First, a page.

I like this bit. It seems to tap into that struggle that Balashov and Samarin go through.
Quote:
This white, celestial horse stands for the control, mastery and sublimation of the instincts and according to the new system of ethics, is ‘the noblest conquest of mankind’. There is, however, no such thing as permanent victory, and despite this shining image, the horse of darkness continues its hellish gallop deep down in the individual.


What else? Balashov. Well the bit in his letter, where the horse guides him after the battle. That is very similar to what is described in the passage you have quoted here Liz. Also at the end, when he talks to the horse, he seems to rediscover his true self and get back on the right track. A horse acts twice in that way for Balashov. I don't think that is "another connection" that you gave us though Liz! :eyebrow:

What leaps out at me is the shaman's comment before dying: everyone will have a horse some day, or something like. That taps right into what I've felt about the book. That it is about everyone finding their way.

Well, I'm away to read and ponder some more. I had no idea about this horse symbolism and the shamanistic beliefs. :-O



_________________________________________________________
"Luck... inspiration... both only really happen to you when you empty your heart of ambition, purpose, and plan; when you give yourself, completely, to the golden, fate-filled moment."
Offline
 Profile  
 
 
 Post subject:
PostPosted: Sat Feb 17, 2007 7:18 pm 
User avatar

Joined: Mon Jun 21, 2004 10:43 pm
Posts: 10376
Location: Austin
suec wrote:
Quote:
What leaps out at me is the shaman's comment before dying: everyone will have a horse some day, or something like. That taps right into what I've felt about the book. That it is about everyone finding their way.


I like your idea here. :cool: Also isn't the final act of castration called Mounting the White Horse?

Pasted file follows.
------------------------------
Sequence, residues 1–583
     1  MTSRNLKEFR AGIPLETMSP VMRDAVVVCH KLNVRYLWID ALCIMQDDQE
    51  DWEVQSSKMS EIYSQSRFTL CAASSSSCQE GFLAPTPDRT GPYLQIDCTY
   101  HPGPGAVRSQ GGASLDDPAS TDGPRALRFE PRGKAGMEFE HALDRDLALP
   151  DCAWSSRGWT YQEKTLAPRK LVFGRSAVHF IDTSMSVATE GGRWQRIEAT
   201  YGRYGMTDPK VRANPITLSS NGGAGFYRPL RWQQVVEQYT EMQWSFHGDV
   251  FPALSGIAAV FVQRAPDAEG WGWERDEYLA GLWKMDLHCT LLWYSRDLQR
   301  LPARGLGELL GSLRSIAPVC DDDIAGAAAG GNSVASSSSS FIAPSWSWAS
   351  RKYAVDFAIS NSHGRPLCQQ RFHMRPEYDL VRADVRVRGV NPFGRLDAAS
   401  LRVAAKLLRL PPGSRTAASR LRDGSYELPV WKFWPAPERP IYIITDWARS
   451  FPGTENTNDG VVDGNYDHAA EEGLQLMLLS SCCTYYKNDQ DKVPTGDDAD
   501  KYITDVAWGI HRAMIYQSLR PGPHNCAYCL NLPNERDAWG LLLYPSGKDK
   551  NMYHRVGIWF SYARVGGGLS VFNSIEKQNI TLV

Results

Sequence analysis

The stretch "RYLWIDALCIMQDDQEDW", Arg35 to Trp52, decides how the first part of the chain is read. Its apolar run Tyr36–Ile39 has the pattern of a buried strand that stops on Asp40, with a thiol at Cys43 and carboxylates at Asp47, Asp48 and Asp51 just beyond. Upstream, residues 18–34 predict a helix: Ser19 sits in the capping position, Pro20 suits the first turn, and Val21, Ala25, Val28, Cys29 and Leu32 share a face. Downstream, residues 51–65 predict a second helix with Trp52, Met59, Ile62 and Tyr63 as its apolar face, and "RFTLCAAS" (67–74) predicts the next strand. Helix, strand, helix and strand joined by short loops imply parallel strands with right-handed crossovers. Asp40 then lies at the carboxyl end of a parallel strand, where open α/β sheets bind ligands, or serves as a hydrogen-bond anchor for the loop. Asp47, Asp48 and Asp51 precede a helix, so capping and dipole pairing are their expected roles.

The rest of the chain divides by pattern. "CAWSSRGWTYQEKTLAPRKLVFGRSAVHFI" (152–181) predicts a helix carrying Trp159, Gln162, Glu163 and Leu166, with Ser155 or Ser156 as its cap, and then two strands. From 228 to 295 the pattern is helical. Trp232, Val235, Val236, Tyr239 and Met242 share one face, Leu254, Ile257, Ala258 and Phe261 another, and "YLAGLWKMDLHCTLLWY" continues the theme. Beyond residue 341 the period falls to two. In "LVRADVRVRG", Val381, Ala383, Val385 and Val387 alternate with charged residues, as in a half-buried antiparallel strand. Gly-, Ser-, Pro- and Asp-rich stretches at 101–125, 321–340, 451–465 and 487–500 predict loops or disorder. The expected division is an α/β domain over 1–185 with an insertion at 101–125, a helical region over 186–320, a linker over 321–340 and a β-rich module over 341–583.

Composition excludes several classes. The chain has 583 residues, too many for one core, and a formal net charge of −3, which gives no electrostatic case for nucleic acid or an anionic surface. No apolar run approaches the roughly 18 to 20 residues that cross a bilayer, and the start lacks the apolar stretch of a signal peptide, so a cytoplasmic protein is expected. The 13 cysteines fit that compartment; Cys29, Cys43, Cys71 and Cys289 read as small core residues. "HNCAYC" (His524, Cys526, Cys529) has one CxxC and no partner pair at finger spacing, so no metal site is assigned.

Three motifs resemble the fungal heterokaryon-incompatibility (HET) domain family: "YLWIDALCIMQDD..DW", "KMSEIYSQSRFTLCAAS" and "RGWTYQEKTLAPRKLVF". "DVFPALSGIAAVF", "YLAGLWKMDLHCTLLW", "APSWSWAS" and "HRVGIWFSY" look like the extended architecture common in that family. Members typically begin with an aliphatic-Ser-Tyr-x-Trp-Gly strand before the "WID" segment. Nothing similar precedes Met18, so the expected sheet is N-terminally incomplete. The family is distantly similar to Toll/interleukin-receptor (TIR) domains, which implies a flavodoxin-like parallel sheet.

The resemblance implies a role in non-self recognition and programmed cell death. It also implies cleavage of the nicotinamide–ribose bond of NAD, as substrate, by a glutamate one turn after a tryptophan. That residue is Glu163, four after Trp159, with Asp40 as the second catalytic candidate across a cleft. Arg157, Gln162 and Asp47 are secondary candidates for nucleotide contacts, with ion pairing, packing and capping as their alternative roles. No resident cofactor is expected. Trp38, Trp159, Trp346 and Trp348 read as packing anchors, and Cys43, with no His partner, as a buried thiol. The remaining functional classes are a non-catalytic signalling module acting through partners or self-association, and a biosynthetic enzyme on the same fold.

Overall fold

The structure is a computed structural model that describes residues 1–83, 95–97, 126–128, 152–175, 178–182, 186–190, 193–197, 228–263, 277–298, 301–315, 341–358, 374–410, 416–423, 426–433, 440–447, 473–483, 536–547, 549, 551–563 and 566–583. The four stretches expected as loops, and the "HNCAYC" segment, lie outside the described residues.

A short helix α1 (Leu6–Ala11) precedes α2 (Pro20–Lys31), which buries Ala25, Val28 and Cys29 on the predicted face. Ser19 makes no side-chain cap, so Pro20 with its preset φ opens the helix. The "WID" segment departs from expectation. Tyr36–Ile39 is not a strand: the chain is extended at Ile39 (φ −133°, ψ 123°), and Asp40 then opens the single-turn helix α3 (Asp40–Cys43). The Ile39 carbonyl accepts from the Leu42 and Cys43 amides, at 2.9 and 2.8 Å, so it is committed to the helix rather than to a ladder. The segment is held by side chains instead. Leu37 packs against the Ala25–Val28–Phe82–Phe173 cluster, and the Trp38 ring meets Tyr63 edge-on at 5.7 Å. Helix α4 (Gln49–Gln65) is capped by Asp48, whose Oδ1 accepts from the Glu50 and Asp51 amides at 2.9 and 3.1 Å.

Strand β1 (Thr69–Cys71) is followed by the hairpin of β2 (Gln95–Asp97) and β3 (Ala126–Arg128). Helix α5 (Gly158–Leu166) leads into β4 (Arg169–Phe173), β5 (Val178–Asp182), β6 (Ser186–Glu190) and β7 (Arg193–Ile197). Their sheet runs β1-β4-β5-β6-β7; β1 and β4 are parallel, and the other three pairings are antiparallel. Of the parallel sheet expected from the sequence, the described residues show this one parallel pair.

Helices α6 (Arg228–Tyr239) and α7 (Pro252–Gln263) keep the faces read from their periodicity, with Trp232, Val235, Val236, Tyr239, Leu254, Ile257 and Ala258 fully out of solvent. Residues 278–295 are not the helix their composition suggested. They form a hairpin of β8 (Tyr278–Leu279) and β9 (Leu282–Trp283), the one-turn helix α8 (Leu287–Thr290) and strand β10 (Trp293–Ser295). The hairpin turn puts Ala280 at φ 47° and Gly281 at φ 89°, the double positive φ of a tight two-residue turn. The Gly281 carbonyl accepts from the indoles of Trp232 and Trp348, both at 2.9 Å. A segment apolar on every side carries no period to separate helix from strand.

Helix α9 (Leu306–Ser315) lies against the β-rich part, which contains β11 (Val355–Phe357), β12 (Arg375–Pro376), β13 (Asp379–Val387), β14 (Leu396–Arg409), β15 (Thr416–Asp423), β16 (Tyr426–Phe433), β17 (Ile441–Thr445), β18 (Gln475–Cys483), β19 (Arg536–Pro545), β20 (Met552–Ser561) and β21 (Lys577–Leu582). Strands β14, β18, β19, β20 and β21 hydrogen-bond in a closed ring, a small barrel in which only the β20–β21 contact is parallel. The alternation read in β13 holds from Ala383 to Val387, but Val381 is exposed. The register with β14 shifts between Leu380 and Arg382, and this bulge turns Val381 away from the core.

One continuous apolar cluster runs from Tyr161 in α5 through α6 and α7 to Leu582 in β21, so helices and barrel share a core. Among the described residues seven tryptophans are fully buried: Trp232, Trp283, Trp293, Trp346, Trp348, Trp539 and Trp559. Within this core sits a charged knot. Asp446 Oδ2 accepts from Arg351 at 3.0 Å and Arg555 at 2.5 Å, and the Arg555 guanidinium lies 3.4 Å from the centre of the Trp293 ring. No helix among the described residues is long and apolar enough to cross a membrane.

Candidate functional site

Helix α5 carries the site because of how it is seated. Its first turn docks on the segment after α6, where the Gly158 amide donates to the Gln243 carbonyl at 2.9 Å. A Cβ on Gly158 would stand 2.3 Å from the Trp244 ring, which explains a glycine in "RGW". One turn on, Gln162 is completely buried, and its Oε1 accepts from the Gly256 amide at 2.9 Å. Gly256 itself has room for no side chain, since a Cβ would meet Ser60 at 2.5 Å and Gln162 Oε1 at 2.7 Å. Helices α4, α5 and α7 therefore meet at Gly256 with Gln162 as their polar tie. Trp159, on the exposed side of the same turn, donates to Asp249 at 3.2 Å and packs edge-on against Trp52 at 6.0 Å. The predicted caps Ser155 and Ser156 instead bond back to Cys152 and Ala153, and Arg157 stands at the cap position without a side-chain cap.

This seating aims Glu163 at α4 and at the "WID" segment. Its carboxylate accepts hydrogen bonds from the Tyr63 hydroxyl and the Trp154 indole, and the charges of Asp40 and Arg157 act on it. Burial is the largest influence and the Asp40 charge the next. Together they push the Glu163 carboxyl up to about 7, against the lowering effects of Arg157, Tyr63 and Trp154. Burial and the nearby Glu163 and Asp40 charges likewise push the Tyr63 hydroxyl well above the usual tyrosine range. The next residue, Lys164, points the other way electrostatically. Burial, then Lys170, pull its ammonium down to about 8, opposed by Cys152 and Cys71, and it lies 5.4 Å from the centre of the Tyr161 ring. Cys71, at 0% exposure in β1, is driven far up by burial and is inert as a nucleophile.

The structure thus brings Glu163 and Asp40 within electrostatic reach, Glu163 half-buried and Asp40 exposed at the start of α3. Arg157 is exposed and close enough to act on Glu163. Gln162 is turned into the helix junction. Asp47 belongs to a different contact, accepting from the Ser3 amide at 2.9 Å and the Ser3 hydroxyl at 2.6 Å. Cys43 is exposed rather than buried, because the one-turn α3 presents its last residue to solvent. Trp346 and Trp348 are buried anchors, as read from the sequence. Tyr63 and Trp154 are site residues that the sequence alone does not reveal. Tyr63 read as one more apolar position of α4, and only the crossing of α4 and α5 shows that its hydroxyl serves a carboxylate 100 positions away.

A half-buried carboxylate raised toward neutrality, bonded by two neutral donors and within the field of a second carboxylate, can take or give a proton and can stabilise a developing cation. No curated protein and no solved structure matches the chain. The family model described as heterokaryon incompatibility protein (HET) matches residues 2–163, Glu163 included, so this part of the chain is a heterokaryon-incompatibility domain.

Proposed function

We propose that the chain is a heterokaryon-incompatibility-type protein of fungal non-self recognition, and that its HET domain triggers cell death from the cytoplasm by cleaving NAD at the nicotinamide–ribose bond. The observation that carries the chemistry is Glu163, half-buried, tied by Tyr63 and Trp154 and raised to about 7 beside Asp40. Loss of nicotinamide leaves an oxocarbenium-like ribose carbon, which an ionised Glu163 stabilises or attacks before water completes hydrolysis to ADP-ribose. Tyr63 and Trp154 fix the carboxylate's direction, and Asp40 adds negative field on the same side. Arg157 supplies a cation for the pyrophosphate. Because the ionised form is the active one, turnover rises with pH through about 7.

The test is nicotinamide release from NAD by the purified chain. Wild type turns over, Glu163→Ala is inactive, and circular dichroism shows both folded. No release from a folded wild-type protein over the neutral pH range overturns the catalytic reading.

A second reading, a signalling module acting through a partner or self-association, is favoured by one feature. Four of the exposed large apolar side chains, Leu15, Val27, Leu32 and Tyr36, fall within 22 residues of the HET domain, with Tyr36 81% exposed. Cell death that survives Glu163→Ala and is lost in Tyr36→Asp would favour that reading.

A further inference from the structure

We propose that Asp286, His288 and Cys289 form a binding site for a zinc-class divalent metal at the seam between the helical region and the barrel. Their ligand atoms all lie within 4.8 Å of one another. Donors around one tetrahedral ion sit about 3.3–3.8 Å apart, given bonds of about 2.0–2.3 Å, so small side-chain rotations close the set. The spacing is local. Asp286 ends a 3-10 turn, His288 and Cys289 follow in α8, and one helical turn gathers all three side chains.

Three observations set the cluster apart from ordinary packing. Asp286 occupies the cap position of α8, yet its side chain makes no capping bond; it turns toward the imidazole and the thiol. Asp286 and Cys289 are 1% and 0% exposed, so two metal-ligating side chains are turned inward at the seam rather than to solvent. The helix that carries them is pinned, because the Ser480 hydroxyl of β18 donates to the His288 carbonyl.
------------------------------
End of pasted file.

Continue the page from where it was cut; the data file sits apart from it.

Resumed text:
_________________________________________________________
Life is not a journey to the grave with the intention of arriving safely in a pretty and well preserved body, but rather to skid in broadside, thoroughly used up, totally worn out, and loudly proclaiming -
Wow! What a ride!
Offline
 Profile  
 
 
 Post subject:
PostPosted: Sat Feb 17, 2007 7:21 pm 
JDZ Moderator
User avatar

Joined: Thu Jun 24, 2004 2:13 pm
Posts: 12497
Location: The Left Coast
suec wrote:
What leaps out at me is the shaman's comment before dying: everyone will have a horse some day, or something like. That taps right into what I've felt about the book. That it is about everyone finding their way.


Well, that certainly fits. :-O

What I was thinking in connection with Balashov was that a horse symbolizes the driving force of the libido. And it seems that it is a driving force in this book, not only for Balashov (so much so that he has to remove it), but for Samarin and Anna.



_________________________________________________________
You can't judge a book by its cover.

The only thing that matters is the ending. It's the most important part of the story.
Offline
 Profile  
 
 
 Post subject:
PostPosted: Sun Feb 18, 2007 12:47 am 
JDZ Web Designer
User avatar

Joined: Sun May 01, 2005 1:21 am
Posts: 20634
Location: Houston, Texas
Quote:
In Russian popular poetry what we have hitherto regarded as exclusively a death-horse [black horse] becomes a symbol of youth and the triumph of the life force. These are the black horses which, in fairy stories, are harnessed to wedding-coaches; they are thus the horses of the libido set free.


I found this to be a very interesting point in the horse tidbit. Omar, the black horse, was the only one to survive from the train. Balashov only really felt alive when he was with Omar. Riding him at the end, Balashov saved the town and all the people from certain annihilation, so even though Balashov was killed, his actions, with Omar – saved the lives of everyone. Even at the very end of the book, Omar was given to the albino, most likely to be killed -- but even in death, Omar's purpose would be to carry the shaman to the Upper World in triumph.

The white horse, the one we usually associate with youth and triumph, has quite the opposite symbolism in this story. White horses are associated with the castrates – Mounting the White Horse, the symbol of complete castration, and therefore the loss of the libido. Matula's horse, Lajkurg, described on page 156 as a “Big evil white stallion...” was one of the horses killed in the fall from the train. Lajkurg was the horse from which Samarin took a strip of his flesh to eat. Samarin and Matula definitely didn't fall in the category of “triumph of the life force.”


Offline
 Profile  
 
 
Display posts from previous:  Sort by  
 Page 1 of 2 [ 20 posts ]  Go to page
1, 2  Next

All times are UTC - 5 hours [ DST ]


Who is online

Users browsing this forum: No registered users and 1 guest


You cannot post new topics in this forum
You cannot reply to topics in this forum
You cannot edit your posts in this forum
You cannot delete your posts in this forum

Search for:
Jump to:  


phpBB skin developed by: John Olson
Powered by phpBB © 2000, 2002, 2005, 2007 phpBB Group